Your family’s overall health depends on everyone getting regular checkups so that problems can be treated while they’re small and manageable. But where can you find cheap health coverage for yourself and your family?

Consider Your Options

If your employer offers health insurance benefits, participating in that policy is usually your cheapest option. However, you may work part-time or for a small company that doesn’t offer benefits.

Alternatively, you may be self-employed or unemployed. Does that mean you have to give up on having inexpensive health coverage? Fortunately, the answer is no. You still have some options available to you.

One option is to find a group that you can buy insurance through, such as a professional organization or a credit union. Like businesses, groups benefit from lower costs because the risk is spread over more people.

Another option is to buy your own individual or family plan. While this option can be pricey, you can lower your costs in several ways.

Lowering Your Costs

One way to lower your costs is to choose and HMO or PPO plan. With one of these types of plans, you pay lower premiums in exchange for choosing a health care provider from a specified list.

Another way to lower your costs is to search for a policy from an insurance comparison website. On one of these websites, you fill out a simple online form with information about yourself and your insurance needs. Once you submit the form, you’ll receive quotes from multiple companies.

Using a comparison website, you can quickly and easily compare quotes from several companies and be able to choose the least expensive quote that meets your needs.

On the best comparison websites, you can also talk with an insurance professional and get answers to your questions, plus get advice on how to lower your premium.

IRS Help Concerning Medical and Dental Costs

If you decide to itemize your deductions on Form 1040, you may be in a position to subtract expenses you paid for medical care (including dental care) for yourself, spouse, and dependents. There are some things that we should know concerning medical and dental expenses as well as other benefits.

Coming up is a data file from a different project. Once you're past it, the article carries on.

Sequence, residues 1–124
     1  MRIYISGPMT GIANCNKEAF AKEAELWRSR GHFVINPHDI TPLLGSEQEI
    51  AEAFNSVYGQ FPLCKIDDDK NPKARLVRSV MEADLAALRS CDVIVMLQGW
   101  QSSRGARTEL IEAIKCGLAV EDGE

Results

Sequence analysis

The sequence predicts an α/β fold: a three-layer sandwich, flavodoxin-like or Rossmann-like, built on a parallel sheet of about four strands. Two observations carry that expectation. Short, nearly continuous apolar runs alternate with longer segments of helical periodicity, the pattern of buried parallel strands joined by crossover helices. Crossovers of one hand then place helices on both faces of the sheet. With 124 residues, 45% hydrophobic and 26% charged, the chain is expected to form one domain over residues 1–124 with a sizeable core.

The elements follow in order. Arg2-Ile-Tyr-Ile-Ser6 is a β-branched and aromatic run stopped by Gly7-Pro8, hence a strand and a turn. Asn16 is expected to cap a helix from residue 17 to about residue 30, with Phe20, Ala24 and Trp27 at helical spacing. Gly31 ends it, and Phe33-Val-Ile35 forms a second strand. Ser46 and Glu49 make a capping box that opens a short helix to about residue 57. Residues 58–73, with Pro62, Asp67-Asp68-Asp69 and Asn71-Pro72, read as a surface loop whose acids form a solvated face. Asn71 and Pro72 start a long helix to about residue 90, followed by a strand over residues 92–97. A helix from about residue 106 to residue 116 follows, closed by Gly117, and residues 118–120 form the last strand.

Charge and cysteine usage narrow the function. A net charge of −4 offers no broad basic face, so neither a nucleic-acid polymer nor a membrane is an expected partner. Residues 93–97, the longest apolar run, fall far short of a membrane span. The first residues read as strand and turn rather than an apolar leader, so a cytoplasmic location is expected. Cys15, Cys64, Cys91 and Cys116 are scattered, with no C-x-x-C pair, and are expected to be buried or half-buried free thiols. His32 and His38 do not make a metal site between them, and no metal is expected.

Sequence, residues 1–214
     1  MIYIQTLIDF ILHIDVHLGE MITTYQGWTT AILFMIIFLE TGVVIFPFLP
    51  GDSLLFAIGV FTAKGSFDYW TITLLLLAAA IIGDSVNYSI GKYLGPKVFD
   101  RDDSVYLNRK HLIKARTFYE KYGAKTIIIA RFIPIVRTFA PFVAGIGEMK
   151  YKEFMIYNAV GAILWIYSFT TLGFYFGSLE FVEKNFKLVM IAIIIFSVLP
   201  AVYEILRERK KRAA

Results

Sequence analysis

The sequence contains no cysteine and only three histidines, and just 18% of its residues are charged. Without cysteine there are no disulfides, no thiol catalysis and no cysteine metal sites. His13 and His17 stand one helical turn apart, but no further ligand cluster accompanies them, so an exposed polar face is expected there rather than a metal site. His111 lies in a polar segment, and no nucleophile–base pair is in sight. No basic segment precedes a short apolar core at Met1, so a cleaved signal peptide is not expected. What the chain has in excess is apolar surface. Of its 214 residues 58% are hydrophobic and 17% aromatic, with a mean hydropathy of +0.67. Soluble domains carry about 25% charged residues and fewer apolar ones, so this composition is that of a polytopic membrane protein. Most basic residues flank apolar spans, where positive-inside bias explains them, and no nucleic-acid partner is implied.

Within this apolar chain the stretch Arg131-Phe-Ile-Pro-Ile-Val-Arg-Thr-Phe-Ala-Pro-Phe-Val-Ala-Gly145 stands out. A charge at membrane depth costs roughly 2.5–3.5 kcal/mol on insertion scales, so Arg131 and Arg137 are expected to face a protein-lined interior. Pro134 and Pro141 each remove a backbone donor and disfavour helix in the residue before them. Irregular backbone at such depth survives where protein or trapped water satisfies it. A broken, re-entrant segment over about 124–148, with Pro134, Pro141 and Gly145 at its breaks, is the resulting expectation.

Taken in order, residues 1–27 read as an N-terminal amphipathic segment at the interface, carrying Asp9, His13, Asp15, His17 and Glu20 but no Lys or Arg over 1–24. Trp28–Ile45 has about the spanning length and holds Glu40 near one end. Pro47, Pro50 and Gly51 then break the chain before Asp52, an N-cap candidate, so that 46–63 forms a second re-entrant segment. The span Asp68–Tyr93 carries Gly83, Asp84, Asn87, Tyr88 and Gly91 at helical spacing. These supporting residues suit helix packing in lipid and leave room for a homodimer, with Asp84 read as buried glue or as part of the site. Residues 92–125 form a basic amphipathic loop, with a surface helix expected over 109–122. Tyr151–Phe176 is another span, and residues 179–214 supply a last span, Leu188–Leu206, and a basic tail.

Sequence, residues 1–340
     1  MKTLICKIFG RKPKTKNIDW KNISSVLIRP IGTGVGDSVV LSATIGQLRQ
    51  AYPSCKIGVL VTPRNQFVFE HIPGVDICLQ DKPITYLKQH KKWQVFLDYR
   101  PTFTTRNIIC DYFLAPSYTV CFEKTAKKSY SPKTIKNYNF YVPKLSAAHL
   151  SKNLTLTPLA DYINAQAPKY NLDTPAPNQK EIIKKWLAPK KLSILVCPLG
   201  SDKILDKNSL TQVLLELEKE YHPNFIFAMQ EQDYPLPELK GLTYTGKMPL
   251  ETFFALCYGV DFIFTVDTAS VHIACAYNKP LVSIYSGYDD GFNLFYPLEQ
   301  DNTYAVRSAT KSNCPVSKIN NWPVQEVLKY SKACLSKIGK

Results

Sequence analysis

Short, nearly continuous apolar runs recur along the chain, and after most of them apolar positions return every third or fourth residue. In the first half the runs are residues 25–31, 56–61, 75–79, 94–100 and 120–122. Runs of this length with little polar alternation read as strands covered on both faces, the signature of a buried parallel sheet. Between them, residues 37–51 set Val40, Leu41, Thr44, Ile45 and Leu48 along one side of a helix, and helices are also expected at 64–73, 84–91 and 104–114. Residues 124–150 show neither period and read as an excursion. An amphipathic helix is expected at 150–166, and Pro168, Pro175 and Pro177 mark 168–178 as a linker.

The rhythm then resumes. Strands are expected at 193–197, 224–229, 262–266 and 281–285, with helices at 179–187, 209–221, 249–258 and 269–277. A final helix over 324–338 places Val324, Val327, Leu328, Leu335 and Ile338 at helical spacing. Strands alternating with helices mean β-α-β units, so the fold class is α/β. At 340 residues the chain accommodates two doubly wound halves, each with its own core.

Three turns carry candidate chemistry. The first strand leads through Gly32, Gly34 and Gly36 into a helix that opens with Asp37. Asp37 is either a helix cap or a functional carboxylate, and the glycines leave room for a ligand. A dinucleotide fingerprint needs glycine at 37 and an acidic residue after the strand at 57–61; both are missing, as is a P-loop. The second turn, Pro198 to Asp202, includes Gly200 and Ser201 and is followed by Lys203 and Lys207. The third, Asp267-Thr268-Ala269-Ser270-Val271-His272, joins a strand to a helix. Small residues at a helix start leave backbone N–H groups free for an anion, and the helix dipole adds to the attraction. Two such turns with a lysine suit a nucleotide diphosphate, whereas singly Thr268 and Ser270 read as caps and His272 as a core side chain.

You are allowed to deduct only the amount by which the total sum of your medical care costs for the whole year, are more than 7.5 percent of your Adjusted Gross Income (AGI). This calculation is done on Form 1040, Schedule A, when working out the deductible amount.

You are only permitted to include the medical costs you paid during the year. The total medical costs for the year have to be reduced by any compensation. It does not make a difference if you obtain the payment or if it is paid directly to the hospital.

You are allowed to include qualified medical costs as you pay for yourself, your spouse, and your dependents, including someone you consider to be a dependent under a multiple support agreement. If either parent claims a child as a dependent under the law for divorce or separated parents, each parent can deduct the medical costs paid for the child. You are also allowed to subtract medical costs for a person who would have been eligible to be considered as your dependent, except if that the person does not meet the gross income or joint return test.

A deduction is permitted only for costs initially paid for the prevention or easing of a mental or physical disease or defect. Medical care costs include fees for the diagnosis, cure, treatment, mitigation, or prevention of an illness or treatment affecting any structure or body functions. The expenses for drugs can be deducted only for drugs that need a prescription except insulin.